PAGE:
Young adults, aged 18-25, are disproportionately involved in the criminal justice system. They make up less than 10% of the general population, but account for more than a third of the probation service's caseload and almost a third of those sentenced to prison each year.
Young adults are also the group most likely to grow out of crime if the right conditions are available. However, young people in the criminal justice system can fall between the gaps in their transition to adulthood and they lose the very support or intervention that might help them.
The right interventions can support desistance from offending, while the wrong response can increase offending and extend the period that a young adult is engaged with criminal justice agencies.
Voluntary organisations working in the criminal justice system have pioneered successful approaches to working with young adults. This knowledge and intelligence has been gathered, alongside academic research, to develop the Transition to Adulthood (T2A) Pathway Approach which, in turn, has supported the development of further good practice amongst voluntary groups.
Between 2008-2017, T2A pilot projects demonstrated the value and benefit of working with local voluntary organisations in the development, design and delivery of services for young adults. Voluntary organisations:
- Have the potential capacity to be led by the needs and aspirations of the service user
- Offer engagement that is flexible in length and intensity
- Have specialist services that respond to, and directly involve, the local communities within which they work
- Give the people they engage with involvement in the design and delivery of services
- Offer support outside traditional office-based appointments, such as meetings in community settings or in the home)
- Provide flexible advocacy, such as accompanying individuals to appointments with other agencies
- Provide successful recruitment, training, management and involvement of volunteers
- Have the potential to access resources not available to the statutory sector.
The pilot projects found that engagement is voluntary, leading to trusting relationships not bound to formal supervision as part of court orders and that is not breachable for non-compliance.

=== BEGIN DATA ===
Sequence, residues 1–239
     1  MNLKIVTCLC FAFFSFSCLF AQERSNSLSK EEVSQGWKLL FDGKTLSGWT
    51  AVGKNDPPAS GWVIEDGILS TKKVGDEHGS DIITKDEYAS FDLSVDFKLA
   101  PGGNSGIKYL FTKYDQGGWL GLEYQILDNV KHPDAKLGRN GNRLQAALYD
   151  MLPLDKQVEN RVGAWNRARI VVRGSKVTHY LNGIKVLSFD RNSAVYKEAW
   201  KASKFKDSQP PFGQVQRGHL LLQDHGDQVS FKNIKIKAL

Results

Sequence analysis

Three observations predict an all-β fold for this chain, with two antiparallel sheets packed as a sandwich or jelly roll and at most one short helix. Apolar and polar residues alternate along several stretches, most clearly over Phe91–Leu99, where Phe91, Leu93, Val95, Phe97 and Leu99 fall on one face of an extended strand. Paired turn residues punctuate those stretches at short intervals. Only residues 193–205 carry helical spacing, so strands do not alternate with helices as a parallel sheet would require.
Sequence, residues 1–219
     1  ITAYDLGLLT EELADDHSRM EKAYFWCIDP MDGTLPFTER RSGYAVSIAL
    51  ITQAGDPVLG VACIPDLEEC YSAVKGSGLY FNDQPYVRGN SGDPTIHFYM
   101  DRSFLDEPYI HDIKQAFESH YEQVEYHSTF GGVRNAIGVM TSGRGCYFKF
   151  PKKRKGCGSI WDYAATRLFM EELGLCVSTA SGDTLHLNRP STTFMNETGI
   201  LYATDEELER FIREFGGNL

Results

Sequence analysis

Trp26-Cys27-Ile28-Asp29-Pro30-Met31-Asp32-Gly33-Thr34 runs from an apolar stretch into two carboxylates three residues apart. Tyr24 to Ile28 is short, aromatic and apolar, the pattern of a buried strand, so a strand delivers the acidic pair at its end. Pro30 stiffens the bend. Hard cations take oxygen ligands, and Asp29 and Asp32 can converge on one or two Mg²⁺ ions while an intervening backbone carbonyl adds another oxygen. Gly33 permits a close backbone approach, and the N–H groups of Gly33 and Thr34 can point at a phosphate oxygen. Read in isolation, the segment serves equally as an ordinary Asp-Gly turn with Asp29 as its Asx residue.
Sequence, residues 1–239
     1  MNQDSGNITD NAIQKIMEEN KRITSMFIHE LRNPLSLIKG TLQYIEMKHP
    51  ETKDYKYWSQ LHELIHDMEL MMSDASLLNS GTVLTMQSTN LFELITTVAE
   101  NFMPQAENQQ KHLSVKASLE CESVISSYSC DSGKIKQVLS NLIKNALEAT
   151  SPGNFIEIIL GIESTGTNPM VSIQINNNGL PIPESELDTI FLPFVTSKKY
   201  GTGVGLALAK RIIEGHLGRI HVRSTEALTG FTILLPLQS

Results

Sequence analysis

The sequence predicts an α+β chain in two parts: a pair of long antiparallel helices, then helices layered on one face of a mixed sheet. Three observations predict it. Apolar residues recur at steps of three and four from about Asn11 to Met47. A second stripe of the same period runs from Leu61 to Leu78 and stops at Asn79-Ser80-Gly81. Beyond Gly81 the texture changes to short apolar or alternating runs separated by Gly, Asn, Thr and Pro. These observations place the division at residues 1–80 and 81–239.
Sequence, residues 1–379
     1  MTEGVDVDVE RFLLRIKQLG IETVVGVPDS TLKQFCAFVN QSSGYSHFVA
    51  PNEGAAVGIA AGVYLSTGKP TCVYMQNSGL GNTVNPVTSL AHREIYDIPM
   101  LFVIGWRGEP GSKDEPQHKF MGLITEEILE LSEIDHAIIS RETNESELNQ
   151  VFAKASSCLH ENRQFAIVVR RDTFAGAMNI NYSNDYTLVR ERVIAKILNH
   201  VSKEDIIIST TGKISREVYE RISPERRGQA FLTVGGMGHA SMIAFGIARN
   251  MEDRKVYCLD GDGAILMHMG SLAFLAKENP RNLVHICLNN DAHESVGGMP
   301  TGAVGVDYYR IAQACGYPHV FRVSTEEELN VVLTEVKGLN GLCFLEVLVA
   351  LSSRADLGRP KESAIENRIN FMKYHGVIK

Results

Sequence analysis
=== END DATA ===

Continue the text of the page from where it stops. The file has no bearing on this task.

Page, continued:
Clinks thinks the Ministry of Justice should produce a national strategy for the management of young adults aged 18-25 at all stages of the criminal justice system, as recommended by the Justice Select Committee. This would deliver a distinct approach to young adults, design services that support desistance from crime, based on evidence and service user consultation, and based on the evidence gathered by the Transition to Adulthood Alliance.
What Clinks is doing
Clinks works to support voluntary sector organisations working to combat the over-representation of young adults in the criminal justice system by promoting the need for a fresh approach through the Transition to Adulthood Alliance (T2A).
Clinks is one of the founding members of the Transition to Adulthood Alliance and supports its programme of work. The Alliance is a broad coalition of organisations and individuals that identifies and promotes the need for a distinct and radically different approach to young adults - an approach that is proportionate to their maturity, and responsive to their specific needs.
Update on funding for the criminal justice voluntary sector
Letter from Amy Rees Chief Executive HMPPS dated 28 March 2023
In November Clinks began receiving fe
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Other sources of support
The Transition to Adulthood Alliance aims to develop and promote evidence of effective policy and practice for young adults and women at all stages of the criminal justice system.